A Texan detained in China without trial marked two years behind bars on Sunday, as senators lobbied the People’s Republic to return the businesswoman accused of espionage.
Sandy Phan-Gillis, 56, one of the Vietnamese “boat people” who fled the country in the 1970s, was settled in Houston, became an American citizen, and eventually brought her family over to live in the United States. She’s extensively involved in Houston’s business community and in the city’s Chinese-American community, including hosting “countless” business delegations from China and arranging civic delegations of Texans to China. Houston Mayor Sylvester Turner praised Phan-Gillis’ longtime “meritorious service” to the community in a July letter to Chinese officials advocating for her release.
On March 19, 2015, Phan-Gillis was detained by China’s Ministry of State Security while attempting to cross into Macau from the border city of Zhuhai. She was in the country on a trade delegation with former Houston Mayor Pro-Tem Ed Gonzalez, now sheriff of Harris County. She was denied access to a lawyer for over a year.
“I view my wife as a true American hero, and I would like to get her back,” her husband, Jeff Gillis, says on a website dedicated to saving Sandy.
Gillis said the Chinese consulate in Houston told him they didn’t believe the charges against Sandy were true, but they don’t have the power to override China’s state security apparatus.
“Sandy is not a spy or a thief,” Gillis said. “She is a hard-working businesswoman who spends huge amounts of time on nonprofit activities that benefit Houston-China relations. Sandy has been a good friend to China for decades.”
Phan-Gillis is reportedly in ill health, and is allowed monthly visits from a U.S. consular official.
In June, the United Nations Working Group on Arbitrary Detention found that Phan-Gillis’ detention and lack of access to counsel constituted an international human rights violation. “The source informs that the reasons for the detention imputed by the authorities are ‘spying’ and ‘stealing state secrets’. No further grounds have been disclosed. It is alleged that authorities have conceded that they do not possess sufficient evidence to file formal charges against Ms. Phan-Gillis,” states the UN document.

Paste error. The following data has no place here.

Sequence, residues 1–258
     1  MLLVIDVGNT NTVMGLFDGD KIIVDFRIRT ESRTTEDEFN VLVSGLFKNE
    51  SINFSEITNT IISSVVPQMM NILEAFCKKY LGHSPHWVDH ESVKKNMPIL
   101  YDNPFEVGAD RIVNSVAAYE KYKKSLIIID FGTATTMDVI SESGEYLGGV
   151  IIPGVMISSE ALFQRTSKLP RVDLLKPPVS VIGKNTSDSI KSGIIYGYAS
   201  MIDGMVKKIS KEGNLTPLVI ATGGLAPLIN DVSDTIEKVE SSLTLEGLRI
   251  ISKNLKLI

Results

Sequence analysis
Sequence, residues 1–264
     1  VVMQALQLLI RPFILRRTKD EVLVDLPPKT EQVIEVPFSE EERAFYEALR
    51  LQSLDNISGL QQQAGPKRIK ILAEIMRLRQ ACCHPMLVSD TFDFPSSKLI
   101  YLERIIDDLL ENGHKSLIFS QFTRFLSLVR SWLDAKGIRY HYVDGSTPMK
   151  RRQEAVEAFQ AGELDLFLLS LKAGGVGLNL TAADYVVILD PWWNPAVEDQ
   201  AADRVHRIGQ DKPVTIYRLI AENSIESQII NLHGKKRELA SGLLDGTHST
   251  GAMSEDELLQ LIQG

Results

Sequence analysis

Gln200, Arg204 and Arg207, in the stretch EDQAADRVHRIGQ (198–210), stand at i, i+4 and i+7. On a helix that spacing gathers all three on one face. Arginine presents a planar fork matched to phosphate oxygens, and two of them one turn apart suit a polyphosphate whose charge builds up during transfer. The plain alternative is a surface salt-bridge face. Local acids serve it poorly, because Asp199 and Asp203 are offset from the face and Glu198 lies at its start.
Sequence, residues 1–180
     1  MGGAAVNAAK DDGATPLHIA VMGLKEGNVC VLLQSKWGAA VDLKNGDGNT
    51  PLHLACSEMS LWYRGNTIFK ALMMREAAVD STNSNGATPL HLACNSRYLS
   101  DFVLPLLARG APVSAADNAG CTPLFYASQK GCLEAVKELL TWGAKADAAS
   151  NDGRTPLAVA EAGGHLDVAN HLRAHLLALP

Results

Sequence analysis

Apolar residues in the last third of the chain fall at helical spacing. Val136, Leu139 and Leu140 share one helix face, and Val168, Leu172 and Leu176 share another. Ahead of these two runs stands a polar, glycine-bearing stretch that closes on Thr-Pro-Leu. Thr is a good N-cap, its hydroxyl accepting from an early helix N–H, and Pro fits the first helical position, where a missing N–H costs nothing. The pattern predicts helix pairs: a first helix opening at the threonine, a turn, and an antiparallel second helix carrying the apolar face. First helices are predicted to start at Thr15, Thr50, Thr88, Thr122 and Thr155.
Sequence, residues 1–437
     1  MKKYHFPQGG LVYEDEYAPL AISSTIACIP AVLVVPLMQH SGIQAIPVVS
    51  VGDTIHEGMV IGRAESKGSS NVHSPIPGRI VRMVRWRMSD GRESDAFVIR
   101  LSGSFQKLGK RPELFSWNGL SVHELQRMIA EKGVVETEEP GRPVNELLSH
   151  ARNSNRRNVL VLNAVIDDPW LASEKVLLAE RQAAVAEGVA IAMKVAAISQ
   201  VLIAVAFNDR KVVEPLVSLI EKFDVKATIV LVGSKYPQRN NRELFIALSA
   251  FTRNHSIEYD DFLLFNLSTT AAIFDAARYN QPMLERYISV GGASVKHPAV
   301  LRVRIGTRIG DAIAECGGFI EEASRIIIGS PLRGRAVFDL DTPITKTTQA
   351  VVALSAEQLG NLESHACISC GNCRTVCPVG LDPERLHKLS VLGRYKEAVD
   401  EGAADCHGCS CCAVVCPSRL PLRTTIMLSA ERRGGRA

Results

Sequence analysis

In August, China’s foreign ministry announced she had been charged with espionage.
Ahead of Secretary of State Rex Tillerson’s visit to Beijing on Saturday, Sens. Bob Corker (R-Tenn.), Ben Cardin (D-Md.), Chris Coons (D-Del.), John Cornyn (R-Texas), Ted Cruz (R-Texas), Jeff Flake (R-Ariz.), Cory Gardner (R-Colo.), Tim Kaine (D-Va.), Jeff Merkley (D-Ore.), Rand Paul (R-Ky.), Rob Portman (R-Ohio), and Marco Rubio (R-Fla.) sent a letter to China’s ambassador to the United States, Cui Tiankai.
“The U.S.-China relationship is one of the most consequential relationships in the world. We appreciate the importance of constructive relations between the United States and China. However, we do not believe that Mrs. Phan-Gillis’ continued detention serves the shared interests of Washington and Beijing,” the senators wrote.
“U.S. Secretary of State Rex Tillerson’s upcoming visit to Beijing presents an invaluable opportunity for the United States and China to create an atmosphere for strengthening relations between the United States and China under the new U.S. administration, including possible plans for a summit meeting between President Trump and President Xi,” they added.